Increased traceability helps to back up any claims to ethicalness or sustainability that the manufacturer or retailer makes. “The supply chain has got so sophisticated that it’s possible to have ingredients, components or raw materials in your product, literally from anywhere in the world,” Paul says. “The consumer is now demanding to know where from exactly. That can be hard for a local manufacturer who’s sourcing ingredients from all over, which is possible, but our technology enables them to have that information.

“Cloud is the enabler behind what customers are asking for. We’re seeing all the ERP and business systems are moving to the cloud, which is enabling this kind of track and trace. 

“Along with that, the RFID software providers with whom we work are all going to the cloud too. And we work with data platforms that manage to capture data printed by us in Hong Kong, Havana and Hawaii and can make that data available to the brand, the supply chain owners. 

“We’re seeing the fulfilment of the promise that’s going back years, where a supply chain print software supplier like us is working with SAP, Kesla, Tracelink, data providers and RFID providers. You have this incredible supply chain of technology and data making all visibility possible.”

Milestone events

All these changes in the market helped Loftware to hit a key milestone in 2023 – the company calculated that more than 51 billion labels were produced using its technology during the 12 months.

“That is pretty mind blowing,” says Paul. “And that is global, which shows the reach and the impact that we’re making, whether it’s in food, life sciences, chemicals, consumer packaged goods, automotive, electronics, it right across the spectrum of industry.  

It’s also indicative of how the supply chain is automating and making the next stage of track and trace and sustainability possible.”

Increasing complexity

As part of this, the labels themselves are getting much more complex: it’s not just a sticky label with some print on it anymore. It’s so much more than that, which makes things a whole lot more complicated, but provides more data and security, especially for anti-counterfeit measures.

“Again, as you get visibility over your supply chain, you can identify holes and gaps and fill them,” says Paul. “Two areas that are critical here are pharmaceuticals, because you don’t want to get rogue pharmaceuticals into the supply chain and food – again, there are horror stories of contaminated food or fake food getting into the supply chain. Those two are areas of where our technology is being applied in a very practical and vital way to protect the supply chain.”

Changing demands

This is also indicative of how customer demands are changing, and how innovation is being driven by this. But where will it go next?

Paul points to a result from Loftware’s recent survey. “This was the highest number in our survey, so it was very eye catching: 91% of respondents said they are seeking a single printing platform,” he says. “What that means is, again, the digitisation of the physical supply chain. In other words, automating, simplifying, streamlining the IT behind the supply chain. 

“Companies have been doing barcode supply chain for 30 years. Of course, legacy system after legacy system has grown up over the years, with little fixes here, a little solution there. So now, you get these modern, sophisticated companies with a broken supply chain, because in my area of printing, they’ve got one print solution over here and another there and another there, and they’re all disconnected.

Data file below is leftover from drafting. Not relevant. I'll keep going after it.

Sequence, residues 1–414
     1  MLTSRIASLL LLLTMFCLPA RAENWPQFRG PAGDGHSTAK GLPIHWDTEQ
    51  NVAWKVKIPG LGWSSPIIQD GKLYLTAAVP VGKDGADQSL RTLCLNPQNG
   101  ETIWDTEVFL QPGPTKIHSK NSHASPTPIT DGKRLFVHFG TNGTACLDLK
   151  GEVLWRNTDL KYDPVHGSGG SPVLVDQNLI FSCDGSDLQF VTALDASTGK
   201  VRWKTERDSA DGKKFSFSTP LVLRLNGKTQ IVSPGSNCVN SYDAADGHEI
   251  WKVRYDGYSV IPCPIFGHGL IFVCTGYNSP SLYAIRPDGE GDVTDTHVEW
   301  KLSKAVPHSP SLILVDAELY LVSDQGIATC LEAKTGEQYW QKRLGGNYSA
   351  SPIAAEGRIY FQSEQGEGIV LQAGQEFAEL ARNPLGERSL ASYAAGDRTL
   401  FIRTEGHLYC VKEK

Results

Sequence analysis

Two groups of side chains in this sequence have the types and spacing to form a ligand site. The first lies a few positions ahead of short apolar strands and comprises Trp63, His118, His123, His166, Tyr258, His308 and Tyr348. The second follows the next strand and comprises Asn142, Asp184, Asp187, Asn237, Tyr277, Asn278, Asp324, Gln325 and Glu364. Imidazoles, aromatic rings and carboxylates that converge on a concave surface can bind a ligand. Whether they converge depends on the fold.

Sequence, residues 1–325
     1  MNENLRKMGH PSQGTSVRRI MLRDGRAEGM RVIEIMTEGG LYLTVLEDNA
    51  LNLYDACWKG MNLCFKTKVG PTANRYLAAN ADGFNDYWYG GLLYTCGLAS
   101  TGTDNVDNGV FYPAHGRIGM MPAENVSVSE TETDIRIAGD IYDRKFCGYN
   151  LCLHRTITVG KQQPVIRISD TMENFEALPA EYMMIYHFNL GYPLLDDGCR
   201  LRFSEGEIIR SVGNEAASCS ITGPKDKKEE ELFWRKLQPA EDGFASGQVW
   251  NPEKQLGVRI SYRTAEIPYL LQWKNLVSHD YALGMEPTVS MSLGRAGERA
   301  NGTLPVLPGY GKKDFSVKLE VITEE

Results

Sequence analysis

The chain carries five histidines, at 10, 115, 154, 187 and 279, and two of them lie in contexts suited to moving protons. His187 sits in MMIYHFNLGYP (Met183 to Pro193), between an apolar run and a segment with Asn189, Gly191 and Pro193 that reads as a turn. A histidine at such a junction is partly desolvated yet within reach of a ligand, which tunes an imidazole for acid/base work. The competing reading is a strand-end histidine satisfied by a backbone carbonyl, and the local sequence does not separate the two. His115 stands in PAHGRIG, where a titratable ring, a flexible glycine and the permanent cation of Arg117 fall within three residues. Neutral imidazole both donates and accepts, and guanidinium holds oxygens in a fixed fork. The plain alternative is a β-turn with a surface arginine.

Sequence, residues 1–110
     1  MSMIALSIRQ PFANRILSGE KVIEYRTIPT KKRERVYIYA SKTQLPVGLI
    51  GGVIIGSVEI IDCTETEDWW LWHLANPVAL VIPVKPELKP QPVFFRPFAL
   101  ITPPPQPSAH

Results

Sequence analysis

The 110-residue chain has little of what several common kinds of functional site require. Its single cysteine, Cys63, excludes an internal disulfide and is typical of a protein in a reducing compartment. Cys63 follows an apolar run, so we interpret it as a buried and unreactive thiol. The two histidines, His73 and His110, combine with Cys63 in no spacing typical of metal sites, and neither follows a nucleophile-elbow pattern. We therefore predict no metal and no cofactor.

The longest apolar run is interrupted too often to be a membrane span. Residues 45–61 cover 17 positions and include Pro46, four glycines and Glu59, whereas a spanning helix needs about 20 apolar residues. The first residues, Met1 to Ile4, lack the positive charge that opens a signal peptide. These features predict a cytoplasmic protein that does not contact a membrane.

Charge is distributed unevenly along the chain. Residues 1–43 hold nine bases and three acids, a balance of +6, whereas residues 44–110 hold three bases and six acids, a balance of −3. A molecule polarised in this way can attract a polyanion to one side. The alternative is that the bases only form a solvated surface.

“Supply chain owners now realise this presents a risk of error and they’re facing fines for mistakes, and it’s costing them money to maintain all these systems. Thirdly, and probably most importantly ultimately, is lack of traceability, because if they’re disconnected, then they can’t see what’s going on.

“What many are doing now is centralising and streamlining. So their production facility, their warehouse facility, their receiving warehouse and shipping are all on the same printing and data capture systems, and we’re a part of that. 

“We hit another milestone last year of having 20,000 printers connected into our cloud. That’s 20,000 devices which are part of this new connected chain, so that individual customers have got visibility and control over everything they’re printing. 

“Companies are trying to reduce the number of software packages and different processes they’re having, simplifying it, streamlining it, ideally into one process. So that’s a big thing. Companies are adopting our printing platform as the standard throughout their supply chain.”

Bright future

With these strong trends set to continue into 2024 and beyond, Paul is optimistic for Loftware – and the wider print sector’s – prospects for the future. 

Moving to the cloud has an impact for channel partners, and while it might not be easy to do – and it requires a big shift in business model – now is the time to do it, Paul says.

“Part of my job is to support our partners to make that shift, to make it as painless as possible,” he says. “Those that made the shift three, four years ago are now really seeing the benefits of it.

“It can be tricky, because you actually reduce your income on day one, as rather than selling a perpetual licence for the full value, you sell just this year’s portion and then next year you invoice for that again, and then next year you invoice for that again. In year one, it’s quite hard, but the results are there over the medium-term and that’s what we are looking to.”